We wasted no time leaving the banks of the river and soon were splitting the papyrus reeds as we poled off. This part was probably the most unsettling. The poler stands and can see where he is taking us, but as the passengers, the view is from very low and you can mostly see plants.

A female hippo keeps watch on us as we traverse the delta in our traditional boat.
A hippo with just the top of its head above water, in the Okavango Delta.

A relaxing “swish” and “splash” was all that was heard as we quietly made our way through the wetlands. At one point, we did come across a bloat of hippos and spent some time talking to them, photographing them, and keeping our distance as these are the most territorial and potentially vicious animals.

The guides have added padded seating to the dugout-like boats, and we’re ready for a Mokoro Okavango safari.
The Mokoros are outfitted with padded seats.

Around lunchtime, we stopped on hard ground, an island, and our guide pulled out our cold lunch of spaghetti and salad, which had been kept cool and was perfect for the middle of an African day. We found shelter under a tree where we ate our lunch.

We stuck very close to the poler as we were in the middle of the wilderness, but the only threatening thing we saw was a massive termite mound. We wandered close enough to take a look, but chose to have a lunch away from the millions of insects.

A huge anthill on a very small island in the Okavango Delta.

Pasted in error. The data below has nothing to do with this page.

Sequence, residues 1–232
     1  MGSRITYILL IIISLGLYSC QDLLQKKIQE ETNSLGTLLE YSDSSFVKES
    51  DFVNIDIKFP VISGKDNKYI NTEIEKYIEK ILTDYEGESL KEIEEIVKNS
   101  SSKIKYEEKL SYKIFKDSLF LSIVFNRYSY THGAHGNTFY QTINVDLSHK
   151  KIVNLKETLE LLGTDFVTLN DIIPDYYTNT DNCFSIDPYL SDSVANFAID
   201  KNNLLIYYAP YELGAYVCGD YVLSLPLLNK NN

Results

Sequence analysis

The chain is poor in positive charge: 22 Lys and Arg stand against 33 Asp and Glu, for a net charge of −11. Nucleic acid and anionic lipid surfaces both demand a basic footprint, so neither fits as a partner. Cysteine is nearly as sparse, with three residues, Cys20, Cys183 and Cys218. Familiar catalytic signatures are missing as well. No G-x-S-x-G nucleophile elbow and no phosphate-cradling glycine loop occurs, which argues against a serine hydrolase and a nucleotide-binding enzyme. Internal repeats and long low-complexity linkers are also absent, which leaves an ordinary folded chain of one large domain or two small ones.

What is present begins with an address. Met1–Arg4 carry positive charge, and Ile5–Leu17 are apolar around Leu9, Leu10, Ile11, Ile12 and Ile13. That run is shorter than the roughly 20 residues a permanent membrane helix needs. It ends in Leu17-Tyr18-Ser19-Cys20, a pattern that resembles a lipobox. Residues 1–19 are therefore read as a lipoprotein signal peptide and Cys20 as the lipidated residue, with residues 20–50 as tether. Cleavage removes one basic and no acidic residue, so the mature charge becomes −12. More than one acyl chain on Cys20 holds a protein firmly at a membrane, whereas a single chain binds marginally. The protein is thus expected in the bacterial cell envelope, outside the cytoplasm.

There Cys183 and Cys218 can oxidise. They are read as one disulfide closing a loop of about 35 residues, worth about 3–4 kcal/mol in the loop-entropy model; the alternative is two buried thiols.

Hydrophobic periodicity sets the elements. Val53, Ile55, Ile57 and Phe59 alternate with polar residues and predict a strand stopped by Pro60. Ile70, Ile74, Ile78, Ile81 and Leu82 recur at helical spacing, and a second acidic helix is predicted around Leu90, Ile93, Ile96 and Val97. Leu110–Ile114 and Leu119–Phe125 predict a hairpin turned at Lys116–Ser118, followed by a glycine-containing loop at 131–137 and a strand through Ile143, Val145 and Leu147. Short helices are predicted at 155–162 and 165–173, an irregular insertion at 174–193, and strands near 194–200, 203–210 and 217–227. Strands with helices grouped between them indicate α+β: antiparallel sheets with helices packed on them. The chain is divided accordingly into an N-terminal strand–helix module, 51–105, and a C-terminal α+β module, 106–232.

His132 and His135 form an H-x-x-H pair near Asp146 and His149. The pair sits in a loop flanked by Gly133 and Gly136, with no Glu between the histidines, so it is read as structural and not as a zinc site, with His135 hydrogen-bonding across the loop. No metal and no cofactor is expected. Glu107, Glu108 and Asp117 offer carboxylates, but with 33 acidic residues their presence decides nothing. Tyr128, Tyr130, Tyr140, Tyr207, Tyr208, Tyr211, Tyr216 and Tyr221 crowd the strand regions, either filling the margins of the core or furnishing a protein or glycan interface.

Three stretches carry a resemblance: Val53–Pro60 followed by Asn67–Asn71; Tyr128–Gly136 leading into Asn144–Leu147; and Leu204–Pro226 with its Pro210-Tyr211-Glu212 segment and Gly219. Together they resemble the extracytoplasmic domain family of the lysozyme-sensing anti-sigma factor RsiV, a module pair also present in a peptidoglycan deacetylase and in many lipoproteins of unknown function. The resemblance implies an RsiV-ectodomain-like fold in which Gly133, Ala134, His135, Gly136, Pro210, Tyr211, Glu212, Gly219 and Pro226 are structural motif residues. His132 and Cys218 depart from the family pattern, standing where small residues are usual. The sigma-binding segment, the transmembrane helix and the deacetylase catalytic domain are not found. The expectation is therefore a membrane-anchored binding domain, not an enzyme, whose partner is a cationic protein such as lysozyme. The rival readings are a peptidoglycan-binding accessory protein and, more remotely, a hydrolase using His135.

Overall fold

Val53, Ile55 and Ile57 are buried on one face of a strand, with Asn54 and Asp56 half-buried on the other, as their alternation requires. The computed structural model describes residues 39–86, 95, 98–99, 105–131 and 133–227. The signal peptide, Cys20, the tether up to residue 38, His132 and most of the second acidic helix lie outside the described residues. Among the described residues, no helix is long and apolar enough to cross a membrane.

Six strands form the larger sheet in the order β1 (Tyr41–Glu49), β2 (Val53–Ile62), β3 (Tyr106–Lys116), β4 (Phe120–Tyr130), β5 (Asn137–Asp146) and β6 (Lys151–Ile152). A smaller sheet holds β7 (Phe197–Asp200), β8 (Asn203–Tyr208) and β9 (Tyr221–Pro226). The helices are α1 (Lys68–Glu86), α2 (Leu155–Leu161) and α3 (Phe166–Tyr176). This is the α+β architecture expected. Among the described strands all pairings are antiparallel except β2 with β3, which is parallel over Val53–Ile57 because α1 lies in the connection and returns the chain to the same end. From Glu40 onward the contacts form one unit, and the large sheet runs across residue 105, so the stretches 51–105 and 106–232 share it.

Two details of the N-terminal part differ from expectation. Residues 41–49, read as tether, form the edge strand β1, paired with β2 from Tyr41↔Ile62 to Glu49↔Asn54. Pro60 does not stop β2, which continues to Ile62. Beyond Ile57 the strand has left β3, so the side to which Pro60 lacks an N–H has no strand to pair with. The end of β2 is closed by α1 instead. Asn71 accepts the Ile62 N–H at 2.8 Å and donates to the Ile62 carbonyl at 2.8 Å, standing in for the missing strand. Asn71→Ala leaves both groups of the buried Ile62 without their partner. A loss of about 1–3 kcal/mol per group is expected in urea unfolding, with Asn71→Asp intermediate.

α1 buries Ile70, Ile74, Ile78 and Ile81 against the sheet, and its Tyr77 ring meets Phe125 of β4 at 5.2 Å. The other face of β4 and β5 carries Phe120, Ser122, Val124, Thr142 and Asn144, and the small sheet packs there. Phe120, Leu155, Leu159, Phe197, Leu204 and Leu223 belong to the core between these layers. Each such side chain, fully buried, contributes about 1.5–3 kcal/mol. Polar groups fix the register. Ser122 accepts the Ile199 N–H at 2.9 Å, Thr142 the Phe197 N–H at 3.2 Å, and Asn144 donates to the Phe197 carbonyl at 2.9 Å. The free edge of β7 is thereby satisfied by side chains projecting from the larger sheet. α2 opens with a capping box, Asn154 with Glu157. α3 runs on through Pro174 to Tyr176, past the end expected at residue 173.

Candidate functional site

Big anthill on a small island.

It was an amazing day boating through the delta, with reeds folding down in front of you to expose the bright blue sky, with birds fishing, and just knowing that this place is special; special for its people, its animals, and its ecosystem.

Really close-up view of a hippo with just the top of its head above water.
This seems to be a hippo’s preferred position.

Pro Tip – Camping in Botswana can be a hit or miss deal.  When we were there, we were very happy with our accommodations, our meals, and our guides, but I’ve read that many of the places have gotten run down.  No matter what, going on the cheap and camping out in the African bush will be an adventure!

A Malachite kingfisher sits on a papyrus reed in the Okavango Delta, a great location for birdwatching.
A Malachite kingfisher in the papyrus reeds.

How to Get to the Okavango Delta

Most people fly into Maun, then have their lodge send a van to pick them up. However, we can’t stress enough how fun self-driving through Botswana is, and even though the miles are long, the views are amazing.

Driving times:

  • Johannesburg to Maun – around 700 miles or 12 hours
  • Gabarone to Maun – 580 miles w 9.5 hours
  • Victoria Falls to Maun – 420 miles or 8 hours
A beautiful water lily blooming in the Okavango Delta wetlands.
Water lily.

Best Time to Go to the Okavango Delta

July through September is the perfect season for this type of adventure. Some of the swamps have lessened and the water has started to go down, so it’s easier to see wildlife. There are not as many mosquitoes since it’s considered the dry season. It’s much easier to view the animals as well.

The Okavango Delta’s rainy season begins in late October and goes all the way through April. This is important to the health of the wetlands, and it provides such a fertile area for sheltering and feeding the various and abundant wildlife. It does make it harder to travel in the region, though.